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NLRB under the congressional microscope

This morning members of the National Labor Relations board will testify before a joint House and Senate committee to explain a host of recent board decisions that have some lawmakers wondering if the board is on an anti-union kick.

The hearing, presided over by Sen. Edward M. Kennedy, chairman of the Senate Health, Education, Labor and Pensions Committee, and Rep. George Miller, chairman of the House Education and Labor Committee, will feature testimony from two NLRB members – Republican chairman Robert J. Battista and Democrat member Wilma B. Liebman – as well as union representatives and other experts in the field.

The hearing was called by lawmakers who believe the Bush-appointed board has rolled back long-established workers’ rights by handing down decisions that overturned precedent and established new rules that make it more difficult for workers to organize and easier for employers to fire or refuse to hire union supporters.

As reported by Lawyers USA, the last six decisions issued by the full five-member Board have all been by a 3-2 vote, with the three Republican members voting in favor of management and the two Democratic members dissenting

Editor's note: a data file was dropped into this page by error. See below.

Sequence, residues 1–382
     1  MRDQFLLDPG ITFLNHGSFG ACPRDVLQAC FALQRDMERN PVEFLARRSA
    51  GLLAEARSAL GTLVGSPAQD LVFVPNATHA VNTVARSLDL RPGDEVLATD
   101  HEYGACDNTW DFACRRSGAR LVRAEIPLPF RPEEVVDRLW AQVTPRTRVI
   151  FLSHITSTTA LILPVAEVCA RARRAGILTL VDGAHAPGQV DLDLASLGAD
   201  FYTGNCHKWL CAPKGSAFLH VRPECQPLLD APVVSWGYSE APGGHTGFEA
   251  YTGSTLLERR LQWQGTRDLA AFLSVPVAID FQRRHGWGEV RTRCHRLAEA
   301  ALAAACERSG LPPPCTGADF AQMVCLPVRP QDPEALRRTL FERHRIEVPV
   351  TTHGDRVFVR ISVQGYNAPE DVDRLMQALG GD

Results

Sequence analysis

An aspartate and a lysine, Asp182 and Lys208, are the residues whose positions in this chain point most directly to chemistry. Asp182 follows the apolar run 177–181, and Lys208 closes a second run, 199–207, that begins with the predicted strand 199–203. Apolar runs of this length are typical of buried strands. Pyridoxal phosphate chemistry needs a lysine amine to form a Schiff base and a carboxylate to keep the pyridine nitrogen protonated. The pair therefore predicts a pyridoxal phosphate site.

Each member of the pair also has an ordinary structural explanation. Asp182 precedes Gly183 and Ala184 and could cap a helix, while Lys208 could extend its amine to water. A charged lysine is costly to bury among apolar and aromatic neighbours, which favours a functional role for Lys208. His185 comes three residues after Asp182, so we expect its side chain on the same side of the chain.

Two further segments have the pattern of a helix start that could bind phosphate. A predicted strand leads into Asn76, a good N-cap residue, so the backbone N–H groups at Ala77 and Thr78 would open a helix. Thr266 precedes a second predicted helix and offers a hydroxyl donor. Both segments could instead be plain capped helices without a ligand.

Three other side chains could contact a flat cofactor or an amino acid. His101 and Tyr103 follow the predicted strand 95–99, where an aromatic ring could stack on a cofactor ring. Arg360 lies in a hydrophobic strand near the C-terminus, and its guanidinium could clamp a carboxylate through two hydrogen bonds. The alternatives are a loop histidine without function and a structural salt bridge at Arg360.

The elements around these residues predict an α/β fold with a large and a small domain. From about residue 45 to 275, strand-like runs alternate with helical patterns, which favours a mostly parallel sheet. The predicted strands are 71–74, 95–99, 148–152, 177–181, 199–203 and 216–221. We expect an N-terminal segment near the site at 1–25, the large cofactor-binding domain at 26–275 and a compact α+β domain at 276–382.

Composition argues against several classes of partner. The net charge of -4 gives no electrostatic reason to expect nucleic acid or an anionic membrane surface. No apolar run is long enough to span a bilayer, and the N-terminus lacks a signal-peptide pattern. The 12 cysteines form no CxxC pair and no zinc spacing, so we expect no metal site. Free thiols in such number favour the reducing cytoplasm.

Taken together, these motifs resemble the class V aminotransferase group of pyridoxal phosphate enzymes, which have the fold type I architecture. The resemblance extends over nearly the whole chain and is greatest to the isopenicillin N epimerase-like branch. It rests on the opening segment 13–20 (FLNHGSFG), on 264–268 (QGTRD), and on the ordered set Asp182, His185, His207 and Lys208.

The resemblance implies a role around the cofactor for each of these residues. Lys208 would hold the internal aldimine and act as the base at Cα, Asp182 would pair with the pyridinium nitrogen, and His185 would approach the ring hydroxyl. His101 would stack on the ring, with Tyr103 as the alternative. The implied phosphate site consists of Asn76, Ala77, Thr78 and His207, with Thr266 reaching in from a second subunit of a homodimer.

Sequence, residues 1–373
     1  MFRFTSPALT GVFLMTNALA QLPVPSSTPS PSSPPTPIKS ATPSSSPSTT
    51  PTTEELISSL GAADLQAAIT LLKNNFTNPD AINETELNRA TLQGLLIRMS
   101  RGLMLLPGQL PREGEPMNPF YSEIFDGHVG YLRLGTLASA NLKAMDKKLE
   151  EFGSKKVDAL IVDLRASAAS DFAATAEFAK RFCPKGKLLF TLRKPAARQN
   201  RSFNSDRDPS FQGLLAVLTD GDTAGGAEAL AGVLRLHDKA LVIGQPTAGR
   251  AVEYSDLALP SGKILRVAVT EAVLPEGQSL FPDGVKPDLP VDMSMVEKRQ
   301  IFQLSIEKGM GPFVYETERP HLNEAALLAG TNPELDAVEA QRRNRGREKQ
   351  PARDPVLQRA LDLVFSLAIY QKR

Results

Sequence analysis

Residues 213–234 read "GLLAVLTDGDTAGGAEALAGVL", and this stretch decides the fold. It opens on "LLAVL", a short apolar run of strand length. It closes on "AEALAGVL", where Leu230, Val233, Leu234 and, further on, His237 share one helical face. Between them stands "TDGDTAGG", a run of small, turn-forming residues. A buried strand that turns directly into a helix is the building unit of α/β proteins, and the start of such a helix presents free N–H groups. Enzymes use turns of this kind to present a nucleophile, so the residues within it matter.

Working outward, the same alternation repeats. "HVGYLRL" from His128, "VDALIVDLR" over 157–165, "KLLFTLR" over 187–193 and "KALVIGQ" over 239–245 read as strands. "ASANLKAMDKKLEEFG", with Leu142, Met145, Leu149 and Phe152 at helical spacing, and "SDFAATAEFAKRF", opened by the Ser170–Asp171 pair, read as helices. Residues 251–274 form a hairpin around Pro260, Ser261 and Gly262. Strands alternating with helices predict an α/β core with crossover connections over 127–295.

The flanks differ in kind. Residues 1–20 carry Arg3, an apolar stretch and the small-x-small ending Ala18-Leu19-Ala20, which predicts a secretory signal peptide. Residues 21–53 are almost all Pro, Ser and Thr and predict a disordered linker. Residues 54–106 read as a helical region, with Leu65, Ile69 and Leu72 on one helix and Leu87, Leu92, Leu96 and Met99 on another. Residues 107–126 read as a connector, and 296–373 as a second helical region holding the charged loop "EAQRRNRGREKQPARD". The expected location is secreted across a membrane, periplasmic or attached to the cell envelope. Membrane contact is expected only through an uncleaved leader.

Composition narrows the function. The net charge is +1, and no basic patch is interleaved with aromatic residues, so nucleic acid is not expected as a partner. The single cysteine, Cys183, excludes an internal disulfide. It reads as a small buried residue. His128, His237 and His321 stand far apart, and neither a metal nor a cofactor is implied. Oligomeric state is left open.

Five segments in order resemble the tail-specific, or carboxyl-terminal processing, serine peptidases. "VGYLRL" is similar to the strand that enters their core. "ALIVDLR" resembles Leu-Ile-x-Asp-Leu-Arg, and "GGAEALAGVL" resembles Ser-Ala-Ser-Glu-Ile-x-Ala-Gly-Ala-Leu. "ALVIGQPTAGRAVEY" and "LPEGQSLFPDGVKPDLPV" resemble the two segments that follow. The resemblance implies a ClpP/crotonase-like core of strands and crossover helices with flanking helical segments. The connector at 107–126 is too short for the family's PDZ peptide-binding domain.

One decision, Dana Corp. [PDF file] has drawn particular criticism from union groups. In Dana the board modified the “recognition-bar” doctrine. This overruled 41 years of precedent by holding that the voluntary recognition of a union by an employer – usually after a number of employees signed union authorization cards – does not bar rival unions or employees from filing petitions for decertification.

The previous rule, established by the Board’s 1966 decision in Keller Plastics Eastern, Inc. (157 NLRB No. 583), provided that such petitions by rival unions or employees would be barred for a reasonable period of time if the employer voluntarily recognized the union, usually after a card-check process.

But in Dana, the rule was modified to permit petitions if (1) the employees are given notice that the employer has voluntary recognized the union, (2) they are told of their right to file a decertification petition within 45 days, and (3) 45 days pass.

The unions have blasted the labor board, saying the split decisions by the Republican-controlled board were politically motivated. The AFL-CIO has taken these complaints further, filing a formal complaint with an international labor agency alleging that the board’s decisions amount to government-sanctioned attempts to cripple unions.

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